Being and doing
There are many ways to be more creative and collaborative but digital tools are not really going to change how we think. Instead we could first explore our Being – who we are beyond our own experience and the stories we tell about it. All our Doing – what we decide to do and how – arises from that.
Experiential learning is absolutely necessary in our view, especially if we are going to learn authentically and decide for ourselves what to do, and not from a device. This is not about knowledge transfer, that is useful for other kinds of learning.
From years of experience of working with senior leaders and their teams in different sized organisations in a wide variety of sectors around the world, we have developed a nine-part, non-linear process: think like an artist, act like an entrepreneur.
What does art have to do with business? Throughout history, good artists have always tried to create work that helps them make sense of it, to share with others. Of course, their motivations were different but if there is a common theme, it is that they brought things to light that were often difficult. Long before we are aware of any physical contact, artists were describing similar things at similar times in completely unconnected parts of the world.
Artists are usually stimulated to begin a piece of work but rarely know what the outcome will be. Through their experimentation – physically, mentally, emotionally and spiritually – they develop the visual, narrative and expressive language to describe their experience in ways that can have a powerful impact on others. All the value they bring is in the process itself, not the end result.
Often their work questions the status quo, common values and behaviors. It is not intended to make people happy but to think, feel and even act. Particularly in conceptual art, the work connects the dots between the artist, their experience and its challenges, the wider world in which they live.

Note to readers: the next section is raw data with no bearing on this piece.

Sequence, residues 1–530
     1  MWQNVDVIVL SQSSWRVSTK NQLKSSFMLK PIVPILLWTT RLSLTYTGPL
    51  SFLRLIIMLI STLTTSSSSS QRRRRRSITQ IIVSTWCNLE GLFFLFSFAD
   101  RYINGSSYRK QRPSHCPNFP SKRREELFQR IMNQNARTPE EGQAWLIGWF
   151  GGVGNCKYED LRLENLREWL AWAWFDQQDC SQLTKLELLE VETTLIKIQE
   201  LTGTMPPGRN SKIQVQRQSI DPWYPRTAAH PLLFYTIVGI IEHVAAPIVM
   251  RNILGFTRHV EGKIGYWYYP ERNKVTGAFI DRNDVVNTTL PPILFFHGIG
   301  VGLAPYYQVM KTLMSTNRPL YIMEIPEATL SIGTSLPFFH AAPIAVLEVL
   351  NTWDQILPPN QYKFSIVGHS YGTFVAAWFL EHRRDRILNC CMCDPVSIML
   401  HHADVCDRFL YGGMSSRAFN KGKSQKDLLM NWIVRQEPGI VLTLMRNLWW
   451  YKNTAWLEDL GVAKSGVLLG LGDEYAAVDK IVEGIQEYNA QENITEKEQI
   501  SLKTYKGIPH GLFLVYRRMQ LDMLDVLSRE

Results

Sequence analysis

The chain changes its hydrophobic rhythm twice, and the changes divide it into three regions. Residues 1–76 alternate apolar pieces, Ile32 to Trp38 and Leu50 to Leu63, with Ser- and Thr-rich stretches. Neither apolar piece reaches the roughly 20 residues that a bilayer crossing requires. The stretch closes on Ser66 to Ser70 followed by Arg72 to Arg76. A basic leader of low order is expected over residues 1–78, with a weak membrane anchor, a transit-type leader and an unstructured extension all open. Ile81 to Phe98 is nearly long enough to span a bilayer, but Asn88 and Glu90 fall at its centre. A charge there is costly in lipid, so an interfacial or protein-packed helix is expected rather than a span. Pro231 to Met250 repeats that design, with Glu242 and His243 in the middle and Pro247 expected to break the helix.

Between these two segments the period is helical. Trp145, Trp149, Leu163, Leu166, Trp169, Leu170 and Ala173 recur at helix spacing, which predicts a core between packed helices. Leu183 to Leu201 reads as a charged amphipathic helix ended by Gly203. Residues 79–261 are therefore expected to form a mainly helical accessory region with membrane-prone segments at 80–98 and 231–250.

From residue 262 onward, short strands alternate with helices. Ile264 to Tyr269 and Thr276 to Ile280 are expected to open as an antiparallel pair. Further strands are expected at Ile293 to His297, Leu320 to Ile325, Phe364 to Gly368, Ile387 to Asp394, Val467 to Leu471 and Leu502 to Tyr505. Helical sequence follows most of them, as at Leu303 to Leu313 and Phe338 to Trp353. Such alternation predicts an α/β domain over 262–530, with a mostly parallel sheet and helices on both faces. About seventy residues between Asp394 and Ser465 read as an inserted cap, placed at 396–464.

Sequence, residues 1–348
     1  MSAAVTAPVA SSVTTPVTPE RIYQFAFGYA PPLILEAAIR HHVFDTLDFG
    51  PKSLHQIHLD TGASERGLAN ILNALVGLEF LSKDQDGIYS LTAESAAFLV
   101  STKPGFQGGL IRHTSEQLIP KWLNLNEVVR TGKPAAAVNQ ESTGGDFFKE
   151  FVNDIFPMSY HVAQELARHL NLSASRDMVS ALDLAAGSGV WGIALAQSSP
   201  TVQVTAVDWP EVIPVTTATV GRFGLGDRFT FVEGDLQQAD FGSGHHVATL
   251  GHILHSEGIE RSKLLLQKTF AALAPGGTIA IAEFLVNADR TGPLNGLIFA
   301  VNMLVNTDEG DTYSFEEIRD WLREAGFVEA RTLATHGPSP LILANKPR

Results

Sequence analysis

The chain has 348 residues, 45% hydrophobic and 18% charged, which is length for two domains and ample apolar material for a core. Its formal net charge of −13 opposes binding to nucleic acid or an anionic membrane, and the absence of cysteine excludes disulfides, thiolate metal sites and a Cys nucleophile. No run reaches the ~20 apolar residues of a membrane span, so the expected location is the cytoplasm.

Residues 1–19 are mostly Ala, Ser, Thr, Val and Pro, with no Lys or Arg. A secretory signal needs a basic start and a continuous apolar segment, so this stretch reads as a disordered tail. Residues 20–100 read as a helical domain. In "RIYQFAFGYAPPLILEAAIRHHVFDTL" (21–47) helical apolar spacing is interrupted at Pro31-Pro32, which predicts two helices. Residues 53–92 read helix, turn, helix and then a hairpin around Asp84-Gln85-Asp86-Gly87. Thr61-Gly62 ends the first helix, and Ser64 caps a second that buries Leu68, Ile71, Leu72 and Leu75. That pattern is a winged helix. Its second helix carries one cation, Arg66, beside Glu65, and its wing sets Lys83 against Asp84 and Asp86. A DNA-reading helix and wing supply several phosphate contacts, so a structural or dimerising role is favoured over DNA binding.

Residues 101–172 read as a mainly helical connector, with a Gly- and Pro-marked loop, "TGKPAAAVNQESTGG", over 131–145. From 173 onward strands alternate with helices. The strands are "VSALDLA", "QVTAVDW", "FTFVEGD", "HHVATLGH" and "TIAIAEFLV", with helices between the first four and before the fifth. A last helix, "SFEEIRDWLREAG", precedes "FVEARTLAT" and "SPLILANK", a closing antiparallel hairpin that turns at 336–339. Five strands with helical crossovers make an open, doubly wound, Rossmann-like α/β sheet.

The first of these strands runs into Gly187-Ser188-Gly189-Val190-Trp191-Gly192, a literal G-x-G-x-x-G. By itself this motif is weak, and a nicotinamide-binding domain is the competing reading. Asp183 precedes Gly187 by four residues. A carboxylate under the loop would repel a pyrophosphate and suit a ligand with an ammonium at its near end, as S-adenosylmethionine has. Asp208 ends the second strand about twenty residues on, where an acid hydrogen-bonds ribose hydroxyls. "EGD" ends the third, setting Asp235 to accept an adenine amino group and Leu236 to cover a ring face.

Sustained creative work is a highly accessible and effective way to learn about ourselves and life. It offers ways to work with people who think very differently to us because it can bring up things from deep inside, for all of us to deal with (or not!). Building a collaborative community is also a creative practice, in which we develop both ourselves and what we hold in common.
And artists continually refine and adapt their process as they go along, in response to what emerges from it. In other words, they are learning through doing. If they want their work to be viewed, they have to cross the boundaries they often impose between themselves and the outside world. Similarly, in our organisations, we have to actively look for new opportunities to create value of different kinds and be prepared to absorb the risk and uncertainty they might bring.
Leadership to prepare our organisations for the future might look quite different to most of what we see today, once digital modernization is complete. Just imagine what we might achieve together if we explore and expand our awareness of Being and evolve as we go along…
If you’re a senior leader and would like to find out more, please join our lively online conversation “ Get (un)co mfor table with complex, uncertain life ” each month. We’ll look at:
- What complex and uncertain mean, also in your environment
- Connecting the dots
- How to “ Think like an artist, act like an entrepreneur ” in practice.Our next workshop is on Tuesday 14 January 2020 at 11.00 – 12.00 CET.
We’d love to see you there!